The History of the Allbright-Nell Company
For the past century, the Allbright-Nell Company (ANCO) has existed as one of the most dependable product lines in the industry. In 1993, Rick Eaglin purchased the ANCO line, creating a new company under the name ANCO-EAGLIN, Inc. In the following links, you can learn about ANCO’s past and how it developed into what it is today.
Mr. William B. Allbright graduated from MIT and for the next 15 years his employment gave him complete charge of the manufacture and sale of oils, fats, grease and other animal products. He developed many new processes and invented newmachines that later became standards in the industry. Among these was a process for making cottonseed oil and mixing it with beef fat and stearine to produce a “compound.” The company gradually expanded until the Great Depression, but it recovered well. In time, Mr. Allbright became associated with Mr. B. F. Nell and in October 1902, formed The Allbright Nell Company, which started in a small building at 4023 Wentworth Avenue. In 1917, they moved into the newly constructed building located at 5317-5329 South Western Boulevard. Shortly after vacating their original building, it collapsed.
By 1920, the company had expanded to include a line of soap-making and canning equipment as well as Barometric Condensers. The Engineering and Production Departments had developed manufacturing techniques to such an extent that management was confident that ANCO could successfully compete with any and all competition. Up until the mid-20’s, most of the machines that were built were flat belt driven. Pulleys and countershafts were big business. With the compilation of the No. 20 General Catalog by Schemer in 1932 came the first promotion of directly motor driven electric machines. In 1921, the depression forced ANCO to suspend shop operations on alternate weeks for a short period. Shop supervisors made repair parts and breakdown orders were filled and shipped with the help of office employees. In 1930, the first year of the “great depression” did not affect the meat industry or ANCO too heavily.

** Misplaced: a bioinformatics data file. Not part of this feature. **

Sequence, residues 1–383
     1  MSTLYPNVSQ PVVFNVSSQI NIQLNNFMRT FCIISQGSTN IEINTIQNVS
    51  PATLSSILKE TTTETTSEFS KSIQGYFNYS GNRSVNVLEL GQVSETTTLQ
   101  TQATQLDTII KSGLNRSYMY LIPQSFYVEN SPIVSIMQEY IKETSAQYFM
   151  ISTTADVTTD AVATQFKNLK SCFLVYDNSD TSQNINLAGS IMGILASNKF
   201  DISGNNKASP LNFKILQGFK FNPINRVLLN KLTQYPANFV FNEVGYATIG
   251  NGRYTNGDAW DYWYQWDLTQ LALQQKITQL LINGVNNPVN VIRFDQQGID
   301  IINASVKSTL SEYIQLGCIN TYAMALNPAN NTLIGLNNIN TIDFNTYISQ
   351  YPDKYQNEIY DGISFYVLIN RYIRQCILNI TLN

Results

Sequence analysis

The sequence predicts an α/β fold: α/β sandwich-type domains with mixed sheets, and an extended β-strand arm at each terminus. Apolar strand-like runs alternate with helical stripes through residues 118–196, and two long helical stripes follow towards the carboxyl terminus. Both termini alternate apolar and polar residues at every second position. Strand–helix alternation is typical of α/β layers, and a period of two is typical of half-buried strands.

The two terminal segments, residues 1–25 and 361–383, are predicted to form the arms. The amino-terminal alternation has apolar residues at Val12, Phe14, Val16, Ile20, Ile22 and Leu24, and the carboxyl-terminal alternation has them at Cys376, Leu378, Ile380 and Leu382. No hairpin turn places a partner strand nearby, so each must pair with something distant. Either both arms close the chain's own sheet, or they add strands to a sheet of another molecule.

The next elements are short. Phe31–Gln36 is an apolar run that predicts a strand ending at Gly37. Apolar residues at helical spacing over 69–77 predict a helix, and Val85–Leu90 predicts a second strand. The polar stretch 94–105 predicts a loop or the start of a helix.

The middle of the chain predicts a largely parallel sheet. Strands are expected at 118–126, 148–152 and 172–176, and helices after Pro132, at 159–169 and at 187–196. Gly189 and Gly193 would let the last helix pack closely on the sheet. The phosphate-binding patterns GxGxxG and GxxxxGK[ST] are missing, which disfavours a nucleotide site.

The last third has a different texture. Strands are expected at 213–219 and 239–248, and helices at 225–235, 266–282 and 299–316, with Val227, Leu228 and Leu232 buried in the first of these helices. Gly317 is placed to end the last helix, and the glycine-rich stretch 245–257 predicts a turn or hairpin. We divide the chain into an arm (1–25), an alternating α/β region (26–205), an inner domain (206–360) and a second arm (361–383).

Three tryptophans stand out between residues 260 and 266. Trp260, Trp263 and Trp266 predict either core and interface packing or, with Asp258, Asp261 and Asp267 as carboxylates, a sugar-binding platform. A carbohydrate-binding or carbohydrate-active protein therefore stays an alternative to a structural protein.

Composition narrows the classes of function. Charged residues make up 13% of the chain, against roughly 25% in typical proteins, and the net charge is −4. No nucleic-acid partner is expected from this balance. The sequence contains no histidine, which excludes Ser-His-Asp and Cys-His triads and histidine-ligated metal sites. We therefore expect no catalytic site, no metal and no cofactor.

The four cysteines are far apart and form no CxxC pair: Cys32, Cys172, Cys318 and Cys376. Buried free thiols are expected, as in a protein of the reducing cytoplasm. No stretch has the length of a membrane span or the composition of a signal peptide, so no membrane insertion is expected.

However, in 1931 and 1933, ANCO wages were cut. (The Roosevelt bank holiday occurred in March of 1933). Around this time, ANCO became one of the first industrial offices to have air conditioning in Chicago. Under a New Deal program, a “cooperative adjustment in corn and hog production,” during 1933-1935, the meat industry was an unwilling partner in the liquidation of 6,188,000 pigs and 220,000 piggy sows, as well as other emergency and relief activities of the Agricultural Adjustment Administration. This was all due to an over production of hogs and a severe drop in prices. In 1934, the drought brought on a program of government buying of starving cattle and the canning of meats for relief purposes. Even some states started the canning of meats. Therefore, ANCO was loaded with orders for equipment to prepare meat for canning.